The paper focuses on the financial and currency crises that took place in the Latin American financial globalization context. It is presented in four sections. A synthetic view of the financial globalization process and the role played by LA is presented in the first section. The second section presents a model encompassing the eighties’ and nineties’ crises. The position assumed by the IMF is discussed. The third section examines other national financial globalization processes that did not lead to crisis. The “crisis prevention measures”, largely based on that experiences, are then commented. Lastly, the fourth section discusses the national paths leading to “segmented financial integration” and presents some reflections about international coordination problems.
JEL Classification: G01; N16; E44.
While there exists a consensus on the centrality of the rule of law both for economic development and democratic consolidation, the political economy of legal and judicial reform remains largely under-theorized. The review essay underscores the tensions and trade-offs between the different strategies and objectives of judicial reform in Latin America. Contrasting the experiences of Argentina and Brazil, it high- lights the delicate balance between independence and accountability. It also assesses the role of donor institutions, and in particular the multilateral development banks, in promoting judicial reform. It argues for a more realistic approach to judicial governance, focusing on feasible reforms.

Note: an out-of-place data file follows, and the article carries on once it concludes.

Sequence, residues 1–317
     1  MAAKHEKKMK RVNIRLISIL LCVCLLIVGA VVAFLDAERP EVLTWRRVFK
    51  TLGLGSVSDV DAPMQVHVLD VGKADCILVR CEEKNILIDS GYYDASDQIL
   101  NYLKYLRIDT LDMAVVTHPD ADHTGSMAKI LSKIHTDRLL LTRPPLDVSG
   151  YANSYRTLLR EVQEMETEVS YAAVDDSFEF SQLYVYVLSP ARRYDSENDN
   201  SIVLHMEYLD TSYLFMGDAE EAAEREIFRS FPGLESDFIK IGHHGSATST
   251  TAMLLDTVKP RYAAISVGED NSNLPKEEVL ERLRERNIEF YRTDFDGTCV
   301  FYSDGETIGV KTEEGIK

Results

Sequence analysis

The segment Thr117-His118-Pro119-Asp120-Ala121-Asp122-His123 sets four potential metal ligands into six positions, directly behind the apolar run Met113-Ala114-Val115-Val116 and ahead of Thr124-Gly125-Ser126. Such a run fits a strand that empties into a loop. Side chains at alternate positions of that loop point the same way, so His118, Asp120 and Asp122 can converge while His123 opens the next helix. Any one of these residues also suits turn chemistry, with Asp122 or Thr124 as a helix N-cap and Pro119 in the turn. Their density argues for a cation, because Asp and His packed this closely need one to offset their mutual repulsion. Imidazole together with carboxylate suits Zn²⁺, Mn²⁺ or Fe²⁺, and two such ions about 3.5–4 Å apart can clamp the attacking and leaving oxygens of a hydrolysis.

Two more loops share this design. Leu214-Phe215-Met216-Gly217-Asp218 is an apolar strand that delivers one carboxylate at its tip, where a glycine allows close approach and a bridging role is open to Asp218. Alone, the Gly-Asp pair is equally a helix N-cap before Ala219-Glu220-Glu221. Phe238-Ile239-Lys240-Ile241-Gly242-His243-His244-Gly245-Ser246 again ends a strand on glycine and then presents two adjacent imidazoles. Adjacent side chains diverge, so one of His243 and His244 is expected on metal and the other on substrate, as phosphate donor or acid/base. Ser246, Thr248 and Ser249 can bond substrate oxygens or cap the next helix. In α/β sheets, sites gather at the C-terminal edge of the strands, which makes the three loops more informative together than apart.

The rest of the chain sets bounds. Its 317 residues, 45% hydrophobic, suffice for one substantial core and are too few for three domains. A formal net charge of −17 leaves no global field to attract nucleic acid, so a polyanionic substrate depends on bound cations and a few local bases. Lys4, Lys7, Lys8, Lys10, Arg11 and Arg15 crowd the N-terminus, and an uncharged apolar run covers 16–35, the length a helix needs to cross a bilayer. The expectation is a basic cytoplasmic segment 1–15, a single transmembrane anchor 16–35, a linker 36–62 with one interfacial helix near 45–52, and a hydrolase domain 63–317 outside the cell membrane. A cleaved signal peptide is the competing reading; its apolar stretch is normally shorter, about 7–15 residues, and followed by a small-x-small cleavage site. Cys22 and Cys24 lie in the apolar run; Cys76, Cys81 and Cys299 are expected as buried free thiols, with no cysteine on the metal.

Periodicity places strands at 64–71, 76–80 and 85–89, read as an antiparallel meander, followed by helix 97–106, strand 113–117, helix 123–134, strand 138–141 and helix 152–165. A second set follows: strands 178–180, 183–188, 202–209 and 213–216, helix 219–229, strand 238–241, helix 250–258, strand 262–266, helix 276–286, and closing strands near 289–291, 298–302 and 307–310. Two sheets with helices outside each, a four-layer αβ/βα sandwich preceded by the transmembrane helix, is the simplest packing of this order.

JEL Classification: F35; K00; H81; H83.
The paper introduces a 2x2 taxonomy of exchange rate regimes in terms of convertibility restrictions (yes or no) and the form of price determination (floating versus managed exchange rates). It is argued that the convertibility is an important signal to private agents. Free convertibility in presence of fixed exchange rates reinforces the credibility of the peg; the presence of restrictions to convertibility in face of floating exchange rates reveals lack of confidence of Central Bank on the stability of the monetary standard. The former was the case of Argentina before the demise of the Cavallo plan; the latter is the case of Brazil today. The consolidation of monetary stability in present circumstances requires a sustained fiscal effort; a pre-announced process of gradual lifting of convertibility restrictions, however, may somehow alleviate such effort, thereby rendering it politically feasible.
JEL Classification: F41.
The UN/ECLA 1949 Manifesto centered on inflation and balance of payments as critical issues on Latin America’s development. Fifty years afterwards, Latin America succeeded both conceptually and in practice to overcome the high inflation syndrome. Not so the external strangulation, which is still very much present in the region. After reviewing recent conceptual advances in understanding the “dollar constraint” problem, the paper discusses Persio Arida’s proposal for a fully convertible floating currency as a means of building a domestic long-term financial market.
JEL Classification: F32; F41; F43; O11; O54.
The paper argues that the monetary reform undertaken in 1984 is to be completed by rendering the real fully convertible into other currencies. In present status quo the real is convertible under some circumstances and for some agents while Central Bank may suspend convertibility or alter its rules by administrative decree. As a consequence, there is a convertibility risk premium that leads to either higher domestic interest rates or a more depreciated domestic currency or both. The process of liberalization of capital movements should be pre-announced and implemented in steps. The regime of free convertibility is not a panacea but an important instrument in restoring credibility of the monetary standard.
JEL Classification: F41.